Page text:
Here we go again... it's Christmas time and the goose is getting fat and all that jazz. Now it's time to get ready for some festive Jamaican Christmas tunes to liven up your Yuletide season! If you were here last December you'll know what to expect and if you're new I think you'll enjoy what I've put together for you. 10 songs today, 25 in total, that'll add some Caribbean spice to the bland diet of tired holiday tunes that we get force fed every year once December rolls around. I could go on and complain about how the retailers throw Christmas in our faces sooner and sooner each year but I won't... I'm keeping it festive!
So without further ado let's get to the Distinctly Jamaican Sounds Christmas Mix 2007!
We start off this year's festivities with Jacob Miller, not to be confused with Dickens' Jacob Marley, proclaiming his one wish to Santa Claus. I'm not going to tell you what that is but if you know Miller you've probably already guessed. The song is called appropriately, "All I Want For Ismas," and comes from the best reggae Christmas album ever produced Natty Christmas.
We follow that up with Horace Andy and his tune "Christmas Time" which comes to us from a various artists compilation called A Jamaican Christmas.
The third tune is a "mash-up" of sorts - the Aggrovators dub version of Johnny Clarke's "I Saw Mommy Kissing Santa Claus" combined with an early 1960's kiddie record adaptation of the no budget "holiday classic" film Santa Claus Conquers The Martians. I put this together last year and was able to condense the entire 20 minute read-along story into the 3:00 dub track. Definitely wacky but I think you'll dig it.
The fourth track is courtesy of the Kingstonians, a song from 1967 called "Merry Christmas" and taken from the essential Trojan Christmas Box Set - it's a good one.
Following that up we take a turn for the digital and hear a King Jammy's produced tune from Cocoa Tea on the Kuff riddim called, "Please Come For Christmas." This one come from the album Christmas Party from 1989 on the Jammys Records label.
Mutabaruka, of all people, follows up Cocoa Tea's pleasant musings with a "grinchy" reality check. His tune is called "Postpone Christmas" and comes from the 1985 various artists album High Times All-Star Explosion on the High Times label. I have been looking for this song for years and thanks to the miracle of the internet I was finally able to track it down at the end of October! The song is not thematically keeping with the rest of the tunes but I think Muta's perspective helps make this mix a little more well-rounded.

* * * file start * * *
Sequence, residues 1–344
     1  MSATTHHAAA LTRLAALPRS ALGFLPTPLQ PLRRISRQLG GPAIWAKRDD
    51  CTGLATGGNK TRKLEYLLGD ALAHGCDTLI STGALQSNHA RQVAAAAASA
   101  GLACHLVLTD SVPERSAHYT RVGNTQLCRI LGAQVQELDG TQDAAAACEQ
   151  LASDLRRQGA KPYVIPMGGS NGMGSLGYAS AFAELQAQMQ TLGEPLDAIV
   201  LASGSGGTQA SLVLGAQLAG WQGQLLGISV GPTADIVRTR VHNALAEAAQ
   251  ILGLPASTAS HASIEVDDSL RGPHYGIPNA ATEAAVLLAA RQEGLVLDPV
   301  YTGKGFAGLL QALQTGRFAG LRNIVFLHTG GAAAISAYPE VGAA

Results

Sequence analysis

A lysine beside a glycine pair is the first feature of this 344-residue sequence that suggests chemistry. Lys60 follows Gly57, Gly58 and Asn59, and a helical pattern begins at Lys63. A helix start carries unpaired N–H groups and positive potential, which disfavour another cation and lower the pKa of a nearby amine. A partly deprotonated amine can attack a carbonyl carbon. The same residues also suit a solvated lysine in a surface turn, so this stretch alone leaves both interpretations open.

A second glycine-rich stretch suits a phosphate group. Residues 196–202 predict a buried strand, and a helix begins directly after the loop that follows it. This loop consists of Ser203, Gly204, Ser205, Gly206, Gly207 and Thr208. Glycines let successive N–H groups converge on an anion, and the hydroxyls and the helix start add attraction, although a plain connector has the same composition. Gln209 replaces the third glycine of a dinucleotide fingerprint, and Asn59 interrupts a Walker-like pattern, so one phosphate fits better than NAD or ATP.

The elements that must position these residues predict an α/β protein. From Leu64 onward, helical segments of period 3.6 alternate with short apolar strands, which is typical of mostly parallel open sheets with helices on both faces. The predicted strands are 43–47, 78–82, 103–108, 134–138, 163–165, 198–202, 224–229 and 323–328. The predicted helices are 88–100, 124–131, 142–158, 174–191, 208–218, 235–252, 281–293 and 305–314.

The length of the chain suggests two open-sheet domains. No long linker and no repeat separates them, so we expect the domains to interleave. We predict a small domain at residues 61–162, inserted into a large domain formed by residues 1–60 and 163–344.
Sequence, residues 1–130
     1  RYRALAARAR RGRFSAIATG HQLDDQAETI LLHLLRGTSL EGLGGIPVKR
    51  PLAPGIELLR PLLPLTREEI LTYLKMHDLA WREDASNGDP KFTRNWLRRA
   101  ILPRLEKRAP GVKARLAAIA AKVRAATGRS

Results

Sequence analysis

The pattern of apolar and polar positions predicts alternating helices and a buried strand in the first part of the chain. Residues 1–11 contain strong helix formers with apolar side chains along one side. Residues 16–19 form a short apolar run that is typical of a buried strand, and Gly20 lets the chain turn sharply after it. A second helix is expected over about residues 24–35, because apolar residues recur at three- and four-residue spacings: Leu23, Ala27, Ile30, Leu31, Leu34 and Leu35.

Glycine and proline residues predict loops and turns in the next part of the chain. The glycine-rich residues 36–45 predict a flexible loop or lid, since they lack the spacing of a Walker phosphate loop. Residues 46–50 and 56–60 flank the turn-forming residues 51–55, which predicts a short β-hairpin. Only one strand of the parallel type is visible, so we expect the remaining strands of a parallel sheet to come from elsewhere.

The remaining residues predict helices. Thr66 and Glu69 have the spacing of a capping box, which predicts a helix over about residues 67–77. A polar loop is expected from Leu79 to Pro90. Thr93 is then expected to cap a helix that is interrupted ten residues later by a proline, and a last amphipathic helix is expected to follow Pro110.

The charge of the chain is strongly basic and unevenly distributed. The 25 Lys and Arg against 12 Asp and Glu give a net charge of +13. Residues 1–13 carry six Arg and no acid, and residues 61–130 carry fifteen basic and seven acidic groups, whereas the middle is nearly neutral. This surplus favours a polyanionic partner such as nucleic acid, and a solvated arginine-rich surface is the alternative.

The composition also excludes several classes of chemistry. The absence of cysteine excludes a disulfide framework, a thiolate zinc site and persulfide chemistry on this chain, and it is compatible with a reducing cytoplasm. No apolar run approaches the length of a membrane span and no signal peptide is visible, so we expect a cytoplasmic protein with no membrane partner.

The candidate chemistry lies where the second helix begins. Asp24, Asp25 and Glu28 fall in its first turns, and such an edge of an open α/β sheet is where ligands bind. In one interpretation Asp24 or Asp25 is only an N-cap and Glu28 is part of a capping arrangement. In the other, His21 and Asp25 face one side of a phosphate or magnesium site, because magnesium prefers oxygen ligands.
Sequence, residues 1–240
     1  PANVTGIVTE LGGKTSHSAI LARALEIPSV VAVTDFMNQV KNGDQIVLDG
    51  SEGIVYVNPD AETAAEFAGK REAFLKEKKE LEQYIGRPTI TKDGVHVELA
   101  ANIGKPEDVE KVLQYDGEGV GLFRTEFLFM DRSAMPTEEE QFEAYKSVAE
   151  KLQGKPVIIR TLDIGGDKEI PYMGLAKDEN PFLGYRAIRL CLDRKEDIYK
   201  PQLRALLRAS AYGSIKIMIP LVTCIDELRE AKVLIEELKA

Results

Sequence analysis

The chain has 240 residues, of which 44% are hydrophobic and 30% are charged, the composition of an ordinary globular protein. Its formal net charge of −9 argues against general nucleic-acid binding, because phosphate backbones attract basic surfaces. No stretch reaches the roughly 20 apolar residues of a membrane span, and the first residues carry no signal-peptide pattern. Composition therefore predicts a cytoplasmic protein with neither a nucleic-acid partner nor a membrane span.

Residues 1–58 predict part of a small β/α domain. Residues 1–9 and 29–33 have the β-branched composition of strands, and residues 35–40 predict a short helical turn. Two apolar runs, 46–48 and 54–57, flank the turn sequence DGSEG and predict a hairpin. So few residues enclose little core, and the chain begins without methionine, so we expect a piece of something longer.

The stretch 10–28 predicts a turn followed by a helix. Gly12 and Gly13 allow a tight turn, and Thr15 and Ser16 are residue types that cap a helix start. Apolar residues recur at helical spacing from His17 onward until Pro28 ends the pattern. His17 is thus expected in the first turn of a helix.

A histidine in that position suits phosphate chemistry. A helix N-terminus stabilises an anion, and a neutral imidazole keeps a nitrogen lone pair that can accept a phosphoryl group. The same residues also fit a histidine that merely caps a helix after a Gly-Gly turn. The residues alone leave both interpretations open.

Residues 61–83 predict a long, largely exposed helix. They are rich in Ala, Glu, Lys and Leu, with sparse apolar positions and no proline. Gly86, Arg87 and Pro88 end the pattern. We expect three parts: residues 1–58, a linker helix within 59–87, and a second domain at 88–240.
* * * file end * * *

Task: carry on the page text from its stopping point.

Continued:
Taking a trip to Studio One for the next tune... Brent Dowe gives us "Christmas In Jamaica" from the excellent 1992 CD compilation Reggae Christmas From Studio One on the Heartbeat label.
Up next is a single from 1976 on the Wild Flowers label from the man named Steve Golding and it's called "Strictly Rock Christmas." Golding wasn't known for his vocals but more for his work behind the scenes in the late 70's and throughout the 8o's by providing guitar work for albums by Rita Marley and Peter Tosh, to name a couple.
The ninth song in this mix is by Kashief Lindo and though it's more modern than most the stuff you'll hear on the blog, it's a great rendition of a beautiful song originally recorded by Stevie Wonder in 1967 called "Someday At Christmas." This song always brings tears to my eyes no matter who is singing it and Lindo's take doesn't disappoint. It comes from a 2005 various artists set called The Reggae Christmas Collection on the Pulse label.
Finally the last track, in this part of the mix that is, is a ska tune from 1963 by Frank Cosmo called simply "Merry Christmas." It is also available on the aforementioned Trojan set.
Give part 1 a listen and let me know what you think! Part 2 will follow next week!
Distinctly Jamaican Sound Christmas Mix 2007 Part 1
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